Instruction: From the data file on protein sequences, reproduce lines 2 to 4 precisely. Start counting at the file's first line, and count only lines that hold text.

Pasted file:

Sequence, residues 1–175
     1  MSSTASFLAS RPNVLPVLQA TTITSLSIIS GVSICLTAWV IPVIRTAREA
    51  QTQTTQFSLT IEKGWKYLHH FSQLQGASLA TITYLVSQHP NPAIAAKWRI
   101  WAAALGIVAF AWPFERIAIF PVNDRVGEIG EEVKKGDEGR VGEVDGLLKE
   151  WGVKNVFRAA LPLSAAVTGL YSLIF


     1  MSSTASFLAS RPNVLPVLQA TTITSLSIIS GVSICLTAWV IPVIRTAREA
    51  QTQTTQFSLT IEKGWKYLHH FSQLQGASLA TITYLVSQHP NPAIAAKWRI
   101  WAAALGIVAF AWPFERIAIF PVNDRVGEIG EEVKKGDEGR VGEVDGLLKE